Sound Amplified—Good and Bad
How was it possible for Jesus and other Biblical speakers to address thousands of people out in open sites without the aid of amplifying devices?
A writer in “Biblical Archeologist” set out to learn the answer. One place he visited was on the Sea of Galilee near the ancient city of Capernaum, which he believed to correspond with the accounts in Matthew 13 and Mark 4. Mark’s gospel (Mark 4:1) states that Jesus “again started teaching beside the sea. And a very great crowd gathered near him, so that he went aboard a boat and sat out on the sea, but all the crowd beside the sea were on the shore.”
The account in “Biblical Archeologist” describes the possible teaching site as a “cove with the appearance of a natural amphitheater, sloping steadily upward from the shore to the modern road.” At this location a technician used acoustical test equipment to determine the sound quality around the site.
He found that his instruments recorded “much more sound activity” when the sound originated out in the water where Jesus’ boat would have been than when the sound came from the water’s edge. “There is no denying that speech communication would have been quite good inside this bowl,” said the technician. He estimated that 5,000 to 7,000 people assembled in the area could have heard clearly.
It is of interest that in recent times an instructor in public speaking illustrated this principle by speaking across a pond near Ithaca, New York, to his students seated on the other side.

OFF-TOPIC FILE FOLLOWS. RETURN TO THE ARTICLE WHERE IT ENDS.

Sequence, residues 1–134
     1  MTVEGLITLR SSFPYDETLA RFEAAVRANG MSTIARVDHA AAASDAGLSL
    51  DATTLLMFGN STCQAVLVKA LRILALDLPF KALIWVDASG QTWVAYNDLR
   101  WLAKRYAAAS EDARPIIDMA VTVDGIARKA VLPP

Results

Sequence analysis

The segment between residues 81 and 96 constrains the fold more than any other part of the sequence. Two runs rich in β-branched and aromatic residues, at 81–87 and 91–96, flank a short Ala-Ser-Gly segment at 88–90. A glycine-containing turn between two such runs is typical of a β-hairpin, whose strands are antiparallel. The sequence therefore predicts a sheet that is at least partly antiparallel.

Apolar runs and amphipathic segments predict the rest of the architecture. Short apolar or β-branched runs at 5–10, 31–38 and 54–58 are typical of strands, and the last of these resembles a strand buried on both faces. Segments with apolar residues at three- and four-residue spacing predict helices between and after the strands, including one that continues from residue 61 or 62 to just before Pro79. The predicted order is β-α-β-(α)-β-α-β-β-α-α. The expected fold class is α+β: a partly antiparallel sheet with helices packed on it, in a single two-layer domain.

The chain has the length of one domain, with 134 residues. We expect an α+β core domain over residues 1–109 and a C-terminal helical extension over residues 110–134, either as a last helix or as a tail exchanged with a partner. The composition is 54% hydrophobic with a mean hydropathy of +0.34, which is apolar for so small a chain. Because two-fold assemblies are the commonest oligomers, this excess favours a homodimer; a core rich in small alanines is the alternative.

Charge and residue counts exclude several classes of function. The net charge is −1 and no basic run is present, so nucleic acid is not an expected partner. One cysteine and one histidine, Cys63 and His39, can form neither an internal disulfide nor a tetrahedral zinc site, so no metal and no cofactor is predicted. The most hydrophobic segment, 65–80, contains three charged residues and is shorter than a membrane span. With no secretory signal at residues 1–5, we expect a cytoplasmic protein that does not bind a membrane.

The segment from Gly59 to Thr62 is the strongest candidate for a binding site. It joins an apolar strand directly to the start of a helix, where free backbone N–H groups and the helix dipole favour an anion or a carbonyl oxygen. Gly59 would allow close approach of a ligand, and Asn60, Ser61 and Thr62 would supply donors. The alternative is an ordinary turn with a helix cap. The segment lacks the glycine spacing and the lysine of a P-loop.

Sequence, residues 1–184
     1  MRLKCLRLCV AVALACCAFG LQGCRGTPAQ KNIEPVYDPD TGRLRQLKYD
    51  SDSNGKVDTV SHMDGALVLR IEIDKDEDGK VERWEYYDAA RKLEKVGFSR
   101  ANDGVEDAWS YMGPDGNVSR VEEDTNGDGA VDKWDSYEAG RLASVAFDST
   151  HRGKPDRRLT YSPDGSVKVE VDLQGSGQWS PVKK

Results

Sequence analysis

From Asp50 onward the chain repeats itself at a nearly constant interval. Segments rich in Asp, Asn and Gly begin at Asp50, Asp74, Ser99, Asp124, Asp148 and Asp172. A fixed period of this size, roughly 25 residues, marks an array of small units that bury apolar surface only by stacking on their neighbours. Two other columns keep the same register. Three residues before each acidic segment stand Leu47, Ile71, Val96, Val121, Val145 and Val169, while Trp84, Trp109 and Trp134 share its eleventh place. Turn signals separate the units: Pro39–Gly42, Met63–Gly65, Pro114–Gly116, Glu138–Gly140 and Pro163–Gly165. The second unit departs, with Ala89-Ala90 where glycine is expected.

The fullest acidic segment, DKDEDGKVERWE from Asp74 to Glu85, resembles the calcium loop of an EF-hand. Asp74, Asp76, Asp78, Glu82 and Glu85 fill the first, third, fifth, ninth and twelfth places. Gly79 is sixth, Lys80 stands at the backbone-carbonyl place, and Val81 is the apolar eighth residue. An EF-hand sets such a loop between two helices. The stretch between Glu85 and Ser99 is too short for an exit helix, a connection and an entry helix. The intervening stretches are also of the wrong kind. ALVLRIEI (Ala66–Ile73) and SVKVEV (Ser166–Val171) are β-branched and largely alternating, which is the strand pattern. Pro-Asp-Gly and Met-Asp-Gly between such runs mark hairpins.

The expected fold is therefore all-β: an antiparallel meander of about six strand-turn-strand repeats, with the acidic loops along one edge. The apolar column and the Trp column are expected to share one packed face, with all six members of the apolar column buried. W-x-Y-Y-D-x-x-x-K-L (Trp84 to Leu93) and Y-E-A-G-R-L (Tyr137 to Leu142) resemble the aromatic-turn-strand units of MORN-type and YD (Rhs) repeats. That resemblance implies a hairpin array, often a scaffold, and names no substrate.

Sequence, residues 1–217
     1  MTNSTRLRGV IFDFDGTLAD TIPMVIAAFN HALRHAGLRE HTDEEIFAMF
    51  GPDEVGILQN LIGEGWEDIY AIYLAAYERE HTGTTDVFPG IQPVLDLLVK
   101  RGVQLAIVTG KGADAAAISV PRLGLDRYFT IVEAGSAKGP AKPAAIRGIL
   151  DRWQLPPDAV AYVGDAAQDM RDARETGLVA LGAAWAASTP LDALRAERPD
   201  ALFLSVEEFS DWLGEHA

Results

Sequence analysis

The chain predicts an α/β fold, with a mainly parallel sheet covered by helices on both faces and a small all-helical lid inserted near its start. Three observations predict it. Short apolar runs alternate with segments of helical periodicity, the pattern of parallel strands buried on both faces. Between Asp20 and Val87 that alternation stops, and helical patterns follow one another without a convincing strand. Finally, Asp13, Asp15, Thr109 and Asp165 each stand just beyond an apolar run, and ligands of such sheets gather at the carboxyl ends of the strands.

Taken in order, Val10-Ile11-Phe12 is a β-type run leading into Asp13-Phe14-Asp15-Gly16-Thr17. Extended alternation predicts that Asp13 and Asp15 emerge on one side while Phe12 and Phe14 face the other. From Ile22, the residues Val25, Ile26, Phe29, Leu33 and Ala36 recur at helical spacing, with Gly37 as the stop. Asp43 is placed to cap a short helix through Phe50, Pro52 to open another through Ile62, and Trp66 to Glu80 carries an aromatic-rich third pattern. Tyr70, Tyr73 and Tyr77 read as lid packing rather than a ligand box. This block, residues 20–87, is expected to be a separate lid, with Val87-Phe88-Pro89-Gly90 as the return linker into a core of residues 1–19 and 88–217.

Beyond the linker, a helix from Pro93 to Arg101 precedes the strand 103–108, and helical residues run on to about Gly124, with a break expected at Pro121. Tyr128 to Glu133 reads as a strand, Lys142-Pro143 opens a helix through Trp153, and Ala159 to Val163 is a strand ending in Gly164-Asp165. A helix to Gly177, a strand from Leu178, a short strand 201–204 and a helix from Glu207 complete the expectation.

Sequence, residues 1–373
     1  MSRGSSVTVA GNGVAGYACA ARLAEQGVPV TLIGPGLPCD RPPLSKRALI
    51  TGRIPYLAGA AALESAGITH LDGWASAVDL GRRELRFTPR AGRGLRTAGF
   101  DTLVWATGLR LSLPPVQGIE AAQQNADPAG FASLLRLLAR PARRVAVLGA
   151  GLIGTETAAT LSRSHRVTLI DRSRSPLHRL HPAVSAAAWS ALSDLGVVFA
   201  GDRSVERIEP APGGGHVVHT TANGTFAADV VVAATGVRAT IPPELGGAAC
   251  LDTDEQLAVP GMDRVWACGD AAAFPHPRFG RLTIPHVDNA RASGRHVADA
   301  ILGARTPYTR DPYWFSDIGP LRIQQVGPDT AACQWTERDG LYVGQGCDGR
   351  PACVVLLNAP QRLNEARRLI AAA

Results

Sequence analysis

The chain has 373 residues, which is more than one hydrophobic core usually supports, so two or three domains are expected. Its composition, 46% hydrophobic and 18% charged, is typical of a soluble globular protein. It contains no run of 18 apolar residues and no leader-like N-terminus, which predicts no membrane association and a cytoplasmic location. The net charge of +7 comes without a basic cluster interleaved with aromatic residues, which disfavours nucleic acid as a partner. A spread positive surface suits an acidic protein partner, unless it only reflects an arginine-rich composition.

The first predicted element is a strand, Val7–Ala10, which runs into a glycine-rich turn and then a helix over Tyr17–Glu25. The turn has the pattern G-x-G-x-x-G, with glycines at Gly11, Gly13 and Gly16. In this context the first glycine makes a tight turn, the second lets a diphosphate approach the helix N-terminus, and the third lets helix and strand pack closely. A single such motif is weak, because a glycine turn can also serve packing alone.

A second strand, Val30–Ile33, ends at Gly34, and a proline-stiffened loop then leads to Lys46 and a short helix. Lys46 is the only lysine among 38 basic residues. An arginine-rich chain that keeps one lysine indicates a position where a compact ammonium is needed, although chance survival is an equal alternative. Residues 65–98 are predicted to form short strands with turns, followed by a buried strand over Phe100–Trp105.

The Din Business
According to a recent article in the Paris daily “Liberation,” “Use of the mind will be called into question in the eighties—to think is to regress. All that remains is a body finding its fulfillment in dancing, automatically going through the same elegant or inelegant movements for six hours on end.”
The French weekly “Le Point” reports: “In its heyday, rock’n roll was the expression of an instinctive revolt against the adult world, against the rigid moral code of a blocked society. Later, the punks, who make a point of being nihilists, thumbed their noses at anything foreign to them by means of systematic provocation. Disco has made the crowds indifferent—they follow like a flock of sheep, ask no questions and have no message to convey. They just dance, hypnotized by disco’s standardized 125 beats per minute. . . . As an American journalist put it: ‘They should put up a statue of Narcissus, the presiding deity, in front of every disco.’ . . . In all of these new, depersonalized, ready-made disco supermarkets, the continuous, repetitious beat monotonously booms away like a war drum. But war against what? They say it’s against boredom. However, in the long run, the ordeal of the monotonous music, more flashy than brilliant, full of twitches and tricks, makes you question the efficiency of the remedy.”